Tuesday, September 25th, 2012

image of book cover for John Scalzi's book RedshirtsI had John Scalzi’s book Redshirts on request for so long at the library that I forgot I’d even asked them for it until we stopped day before yesterday so My Darling B could pick up the dozen or so books she had on hold. When she came back to the checkout, Redshirts was on the top of her pile.

I started reading it immediately. Really, I read the first five pages while she was scanning her books. I read the first couple chapters as soon as we got home. I kept reading it as late into the night as I could, which isn’t very late on a work night. I read it on breaks. I read it at lunch. I finished reading it last night. I couldn’t stop reading it.

One of the reasons for that is, Scalzi’s books are mostly dialog. At least the ones I’ve read are. His characters hardly ever stop talking long enough for him to have to explain anything. They do it for him. And they’re never boring characters. If I could have just one wish, I’d like to meet actual people as witty and interesting as the characters in Scalzi’s books.

Being mostly dialog, Scalzi’s books are usually a quick read for me. The pages aren’t dauntingly packed with dense prose and, as I said, the banter is witty and entertaining. No matter how much I’ve read, I never feel I’ve read enough. I just keep gobbling it up until it’s almost midnight and I realize that, if I don’t go to bed soon, I’ll end up taking a nap for an hour before I have to head to the office and won’t I be cranky the rest of the day then?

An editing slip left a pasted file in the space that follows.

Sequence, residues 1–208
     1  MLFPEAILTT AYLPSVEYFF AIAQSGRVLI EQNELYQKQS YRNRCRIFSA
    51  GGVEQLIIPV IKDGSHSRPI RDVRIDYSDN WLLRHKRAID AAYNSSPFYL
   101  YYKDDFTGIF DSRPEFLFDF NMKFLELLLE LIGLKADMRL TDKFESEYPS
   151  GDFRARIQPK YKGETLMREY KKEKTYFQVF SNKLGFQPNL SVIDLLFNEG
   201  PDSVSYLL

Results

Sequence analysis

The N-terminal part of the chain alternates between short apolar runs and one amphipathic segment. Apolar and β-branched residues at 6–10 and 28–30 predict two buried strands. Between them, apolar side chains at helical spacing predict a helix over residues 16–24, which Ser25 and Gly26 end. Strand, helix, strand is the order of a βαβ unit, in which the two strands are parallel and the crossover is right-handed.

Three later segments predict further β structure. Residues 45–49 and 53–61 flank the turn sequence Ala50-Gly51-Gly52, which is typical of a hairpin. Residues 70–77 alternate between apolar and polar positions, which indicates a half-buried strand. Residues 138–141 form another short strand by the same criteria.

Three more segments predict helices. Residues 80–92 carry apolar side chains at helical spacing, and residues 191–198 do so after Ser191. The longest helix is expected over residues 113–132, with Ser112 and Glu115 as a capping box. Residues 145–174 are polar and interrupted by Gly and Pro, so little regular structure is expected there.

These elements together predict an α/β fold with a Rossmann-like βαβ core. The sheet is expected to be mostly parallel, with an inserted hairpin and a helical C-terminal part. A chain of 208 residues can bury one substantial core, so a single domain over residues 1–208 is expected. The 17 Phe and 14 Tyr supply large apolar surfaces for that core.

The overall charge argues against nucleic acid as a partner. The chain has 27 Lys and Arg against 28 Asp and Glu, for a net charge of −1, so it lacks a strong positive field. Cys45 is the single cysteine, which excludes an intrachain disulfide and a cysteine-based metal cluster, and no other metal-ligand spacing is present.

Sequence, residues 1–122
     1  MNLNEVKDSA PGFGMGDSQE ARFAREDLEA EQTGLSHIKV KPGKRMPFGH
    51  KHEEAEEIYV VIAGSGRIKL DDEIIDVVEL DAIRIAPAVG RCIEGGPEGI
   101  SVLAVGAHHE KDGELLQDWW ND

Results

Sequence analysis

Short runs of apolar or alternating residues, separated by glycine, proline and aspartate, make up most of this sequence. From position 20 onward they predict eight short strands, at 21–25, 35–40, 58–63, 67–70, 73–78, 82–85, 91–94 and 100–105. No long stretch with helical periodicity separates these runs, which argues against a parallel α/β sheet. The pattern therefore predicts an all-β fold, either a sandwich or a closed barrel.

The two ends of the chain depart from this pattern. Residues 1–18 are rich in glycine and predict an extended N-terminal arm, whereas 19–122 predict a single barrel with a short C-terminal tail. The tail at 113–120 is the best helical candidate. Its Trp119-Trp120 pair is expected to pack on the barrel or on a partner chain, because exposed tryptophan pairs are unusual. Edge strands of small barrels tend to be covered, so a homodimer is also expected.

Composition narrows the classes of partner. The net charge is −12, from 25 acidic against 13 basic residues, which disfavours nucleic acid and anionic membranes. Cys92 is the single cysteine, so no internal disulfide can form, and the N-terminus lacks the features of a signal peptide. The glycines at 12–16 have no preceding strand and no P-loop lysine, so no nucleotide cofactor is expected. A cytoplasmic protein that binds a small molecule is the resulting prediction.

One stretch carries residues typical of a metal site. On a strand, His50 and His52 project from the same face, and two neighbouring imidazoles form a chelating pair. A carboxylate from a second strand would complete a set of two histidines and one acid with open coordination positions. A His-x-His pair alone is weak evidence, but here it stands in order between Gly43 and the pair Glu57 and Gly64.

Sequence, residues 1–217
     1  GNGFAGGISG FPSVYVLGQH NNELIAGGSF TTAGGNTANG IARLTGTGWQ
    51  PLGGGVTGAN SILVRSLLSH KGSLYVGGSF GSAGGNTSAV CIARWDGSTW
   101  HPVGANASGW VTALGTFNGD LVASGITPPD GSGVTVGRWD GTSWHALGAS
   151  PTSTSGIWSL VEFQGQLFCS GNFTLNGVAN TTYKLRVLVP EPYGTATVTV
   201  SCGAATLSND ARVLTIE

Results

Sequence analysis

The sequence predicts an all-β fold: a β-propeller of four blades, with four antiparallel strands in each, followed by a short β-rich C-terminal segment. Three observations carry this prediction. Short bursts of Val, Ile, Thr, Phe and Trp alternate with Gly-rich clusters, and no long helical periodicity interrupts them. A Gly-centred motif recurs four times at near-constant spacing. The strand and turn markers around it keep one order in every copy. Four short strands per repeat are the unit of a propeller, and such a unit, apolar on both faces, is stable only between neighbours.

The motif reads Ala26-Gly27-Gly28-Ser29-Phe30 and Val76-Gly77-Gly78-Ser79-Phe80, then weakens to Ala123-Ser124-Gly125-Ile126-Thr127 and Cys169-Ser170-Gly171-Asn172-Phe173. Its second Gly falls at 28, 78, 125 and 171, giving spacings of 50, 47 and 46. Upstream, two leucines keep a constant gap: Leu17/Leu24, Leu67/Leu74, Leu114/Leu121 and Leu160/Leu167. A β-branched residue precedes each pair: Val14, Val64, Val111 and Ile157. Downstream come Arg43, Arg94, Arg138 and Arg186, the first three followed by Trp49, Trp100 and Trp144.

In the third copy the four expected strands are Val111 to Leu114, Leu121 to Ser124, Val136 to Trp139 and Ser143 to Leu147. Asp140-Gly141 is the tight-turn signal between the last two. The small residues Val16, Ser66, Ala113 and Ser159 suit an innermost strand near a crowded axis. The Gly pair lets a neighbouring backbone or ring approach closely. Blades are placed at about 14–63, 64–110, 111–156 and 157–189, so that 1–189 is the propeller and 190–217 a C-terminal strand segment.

If you know anything about Star Trek, you know that, when Captain Kirk, Spock and McCoy beamed down to a new planet each week, there was usually a crew member who beamed down with them, and the poor bastard’s one job on the away team was to get killed by aliens before the commercial break. Among science fiction nerds, expendable characters are called “redshirts” because security guards on the Enterprise, the guys who usually beamed down to protect Kirk and Spock, wore red shirts. The redshirt effect even carried over to Scotty, who got the crap kicked out of him on a regular basis.

In Star Trek, the fact that the security guards always die when they’re on an away team with Kirk seems to go unnoticed. In Redshirts, Scalzi’s characters are keenly aware of the fact and not only look for the reason, they try to figure out how to put an end to the madness. When I got to that part, I couldn’t have stopped reading for all the beer in town.

The book ends with four codas that I haven’t read yet. Probably have to take a long lunch today.

Redshirts | 6:07 am CDT
Category: books, entertainment, play | Tags: ,
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